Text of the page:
1 For some reason, Malin did not list Khrushchev's name among the participants. Also not listed here are Janos Kadar, Ferenc Munnich, and Imre Horvath, who took part in the segment on the formation of a new Hungarian government. This portion of the meeting began at 8:45 p.m., with Khrushchev and Malenkov in attendance after their return from Brioni.

2The reference here is to documents issued by the Kadar government after it was installed in power.

3 A Hungarian scholar, Janos Rainer, recently found a document in the Hungarian National Archive that sheds important light on this part of the CPSU Presidium's deliberations. Notes taken by Imre Horvath, one of the Hungarian officials who were present, reveal that Khrushchev offered an opening statement here, which for some reason was not transcribed by Malin. The notes Horvath took of Khrushchev's speech are translated below (see Document No. 16) as a supplement to the Malin notes, but they may be worth reading at this point before finishing Malin's rendition of the meeting. Although Horvath's notes were written hurriedly in mixed Hungarian and Russian, they provide a good flavor of what Khrushchev said.

4 A secret report from the Soviet ambassador in Hungary, Yurii Andropov, in May 1956 was much less positive, alleging that “the work of the Hungarian press in illuminating the results of the XX CPSU Congress has been totally inadequate.” See “I. O. Zaveduyushchego Evropeiskim Otdelom MID SSSR tov. Levychkinu K. D.,” Cable No. 141 (Secret) from Yu. Andropov, 2 May 1956, in AVPRF, F. Referentura o Vengrii, Op. 36, Por. 15, Papka 48, D. 178, Ll. 22-33.

5 This refers to a telegram published in major Soviet and Hungarian newspapers on 6 April 1956, shortly after the 20th Party Congress. The telegram, sent by Khrushchev (as party leader) and Bulganin (as prime minister) to their Hungarian counterparts, Rakosi and Hegedus, marked the 11th anniversary of the liberation of Hungary from Nazi occupation.

6 The local authorities in Gyor, including the security forces, had been supportive of the revolution from the outset. See Gyor-Sopron megyeiek emlekeznek az 1956-os forradalomra (Budapest: Zrinyi, 1991).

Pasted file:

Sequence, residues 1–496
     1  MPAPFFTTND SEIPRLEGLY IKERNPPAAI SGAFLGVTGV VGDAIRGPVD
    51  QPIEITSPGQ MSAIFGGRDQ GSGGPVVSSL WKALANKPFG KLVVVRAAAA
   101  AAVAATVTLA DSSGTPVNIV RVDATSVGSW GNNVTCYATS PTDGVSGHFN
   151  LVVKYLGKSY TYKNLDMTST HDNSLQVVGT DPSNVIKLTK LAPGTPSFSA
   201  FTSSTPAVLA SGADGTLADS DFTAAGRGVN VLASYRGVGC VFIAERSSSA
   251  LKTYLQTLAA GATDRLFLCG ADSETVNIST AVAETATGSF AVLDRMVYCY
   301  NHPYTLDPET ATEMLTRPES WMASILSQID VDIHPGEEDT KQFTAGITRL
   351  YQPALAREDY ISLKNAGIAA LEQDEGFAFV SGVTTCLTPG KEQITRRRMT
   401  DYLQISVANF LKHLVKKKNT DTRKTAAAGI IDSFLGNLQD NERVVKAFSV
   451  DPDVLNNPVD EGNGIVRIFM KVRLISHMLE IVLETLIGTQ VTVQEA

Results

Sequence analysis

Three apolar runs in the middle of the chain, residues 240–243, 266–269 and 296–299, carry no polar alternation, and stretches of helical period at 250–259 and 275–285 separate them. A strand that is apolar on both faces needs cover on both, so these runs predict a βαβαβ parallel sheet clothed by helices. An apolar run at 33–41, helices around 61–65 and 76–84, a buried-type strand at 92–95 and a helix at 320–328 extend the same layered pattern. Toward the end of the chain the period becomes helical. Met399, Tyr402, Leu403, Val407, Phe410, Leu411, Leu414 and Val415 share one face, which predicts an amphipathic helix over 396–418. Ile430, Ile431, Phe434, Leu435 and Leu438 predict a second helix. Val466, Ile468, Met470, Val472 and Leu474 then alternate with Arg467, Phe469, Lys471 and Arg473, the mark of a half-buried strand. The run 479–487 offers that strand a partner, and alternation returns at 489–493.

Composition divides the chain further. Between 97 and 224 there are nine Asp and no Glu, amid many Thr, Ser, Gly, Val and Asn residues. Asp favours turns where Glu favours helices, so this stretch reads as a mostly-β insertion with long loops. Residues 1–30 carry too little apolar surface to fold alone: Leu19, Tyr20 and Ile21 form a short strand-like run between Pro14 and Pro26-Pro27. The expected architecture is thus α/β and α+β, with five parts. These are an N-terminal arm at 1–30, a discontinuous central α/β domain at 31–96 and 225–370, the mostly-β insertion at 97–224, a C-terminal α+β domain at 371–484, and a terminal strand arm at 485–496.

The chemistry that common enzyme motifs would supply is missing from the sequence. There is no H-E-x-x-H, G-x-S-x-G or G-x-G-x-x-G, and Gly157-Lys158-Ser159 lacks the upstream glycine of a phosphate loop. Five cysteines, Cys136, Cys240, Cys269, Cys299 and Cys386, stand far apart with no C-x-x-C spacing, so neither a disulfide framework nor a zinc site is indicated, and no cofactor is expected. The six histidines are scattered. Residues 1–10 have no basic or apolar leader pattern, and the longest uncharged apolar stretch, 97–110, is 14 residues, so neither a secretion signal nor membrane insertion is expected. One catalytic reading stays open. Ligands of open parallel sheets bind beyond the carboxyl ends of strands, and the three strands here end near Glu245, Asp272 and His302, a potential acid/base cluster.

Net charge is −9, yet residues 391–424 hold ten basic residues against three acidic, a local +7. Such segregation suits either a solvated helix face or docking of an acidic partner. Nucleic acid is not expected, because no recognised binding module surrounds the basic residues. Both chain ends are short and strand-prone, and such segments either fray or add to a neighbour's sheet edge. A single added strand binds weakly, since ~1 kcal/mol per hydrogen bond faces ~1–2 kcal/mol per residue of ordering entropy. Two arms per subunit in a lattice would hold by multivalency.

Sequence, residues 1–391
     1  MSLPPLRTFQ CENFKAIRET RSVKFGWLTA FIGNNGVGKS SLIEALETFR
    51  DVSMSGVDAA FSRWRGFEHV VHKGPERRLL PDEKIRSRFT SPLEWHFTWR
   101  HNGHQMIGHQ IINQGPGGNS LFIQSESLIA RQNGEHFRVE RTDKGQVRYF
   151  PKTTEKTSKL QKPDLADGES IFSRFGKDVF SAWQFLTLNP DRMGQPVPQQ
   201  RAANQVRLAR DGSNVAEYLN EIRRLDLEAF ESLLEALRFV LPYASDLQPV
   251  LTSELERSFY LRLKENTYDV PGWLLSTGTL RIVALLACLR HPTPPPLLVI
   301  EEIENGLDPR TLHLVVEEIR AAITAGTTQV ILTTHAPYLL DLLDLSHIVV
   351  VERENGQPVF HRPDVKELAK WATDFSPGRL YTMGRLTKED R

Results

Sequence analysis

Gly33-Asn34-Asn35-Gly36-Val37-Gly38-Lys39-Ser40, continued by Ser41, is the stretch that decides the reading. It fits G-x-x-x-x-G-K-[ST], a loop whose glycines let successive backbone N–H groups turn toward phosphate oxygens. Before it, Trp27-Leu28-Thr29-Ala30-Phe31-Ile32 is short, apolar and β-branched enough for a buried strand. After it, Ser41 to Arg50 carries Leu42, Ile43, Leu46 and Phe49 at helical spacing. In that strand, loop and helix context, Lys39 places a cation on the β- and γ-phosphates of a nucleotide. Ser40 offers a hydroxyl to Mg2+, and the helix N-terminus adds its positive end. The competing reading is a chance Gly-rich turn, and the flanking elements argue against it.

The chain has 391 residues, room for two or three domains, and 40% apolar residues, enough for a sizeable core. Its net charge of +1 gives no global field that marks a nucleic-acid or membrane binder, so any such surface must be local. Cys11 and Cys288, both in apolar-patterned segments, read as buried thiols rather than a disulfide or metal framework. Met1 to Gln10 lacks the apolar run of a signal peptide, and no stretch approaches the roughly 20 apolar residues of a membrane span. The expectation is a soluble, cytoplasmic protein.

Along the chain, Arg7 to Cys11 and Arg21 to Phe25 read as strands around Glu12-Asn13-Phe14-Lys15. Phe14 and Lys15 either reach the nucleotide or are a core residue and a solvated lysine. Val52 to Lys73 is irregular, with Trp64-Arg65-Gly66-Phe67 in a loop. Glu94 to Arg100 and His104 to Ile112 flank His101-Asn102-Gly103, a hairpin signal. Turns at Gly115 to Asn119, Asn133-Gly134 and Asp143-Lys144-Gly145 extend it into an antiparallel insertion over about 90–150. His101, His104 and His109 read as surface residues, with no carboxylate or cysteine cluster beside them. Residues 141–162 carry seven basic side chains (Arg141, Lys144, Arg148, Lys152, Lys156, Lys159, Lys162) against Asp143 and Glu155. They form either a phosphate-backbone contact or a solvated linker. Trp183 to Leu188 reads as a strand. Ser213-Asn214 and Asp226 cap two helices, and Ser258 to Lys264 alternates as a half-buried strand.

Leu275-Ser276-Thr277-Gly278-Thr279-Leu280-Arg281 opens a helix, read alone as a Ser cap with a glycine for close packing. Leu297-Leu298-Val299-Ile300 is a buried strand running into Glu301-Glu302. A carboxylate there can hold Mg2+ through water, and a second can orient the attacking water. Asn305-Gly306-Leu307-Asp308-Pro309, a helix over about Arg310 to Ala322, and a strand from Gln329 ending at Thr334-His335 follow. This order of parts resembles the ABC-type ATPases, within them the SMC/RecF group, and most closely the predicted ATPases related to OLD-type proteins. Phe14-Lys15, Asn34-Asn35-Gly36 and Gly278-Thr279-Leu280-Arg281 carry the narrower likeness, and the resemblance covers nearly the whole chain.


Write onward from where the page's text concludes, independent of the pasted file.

7 Judging from Malenkov's presence at Presidium sessions on 4 and 5 November, only Mikoyan and Brezhnev actually traveled to Budapest.

Kadar argues that the source of mistakes in the past resulted from the monopoly that a handful of Hungarians had on relations with the Soviet Union. Rakosi is singled out as a source for previous difficulties. Kadar believes that forming a new revolutionary government is the only way to undermine the violence of the counterrevolution and prevent Nagy from acting as cover for such activities. To garner support amongst workers, Kadar argues that the new government must not be a Soviet puppet.

Document Information


TsKhSD, F. 3, Op. 12, D. 1006, L. 31-33ob, compiled by V. N. Malin. Published in CWIHP Bulletin 8-9, pp. 397-398


The History and Public Policy Program welcomes reuse of Digital Archive materials for research and educational purposes. Some documents may be subject to copyright, which is retained by the rights holders in accordance with US and international copyright laws. When possible, rights holders have been contacted for permission to reproduce their materials.

To enquire about this document's rights status or request permission for commercial use, please contact the History and Public Policy Program at [email protected].

Original Uploaded Date



Meeting Minutes


Record ID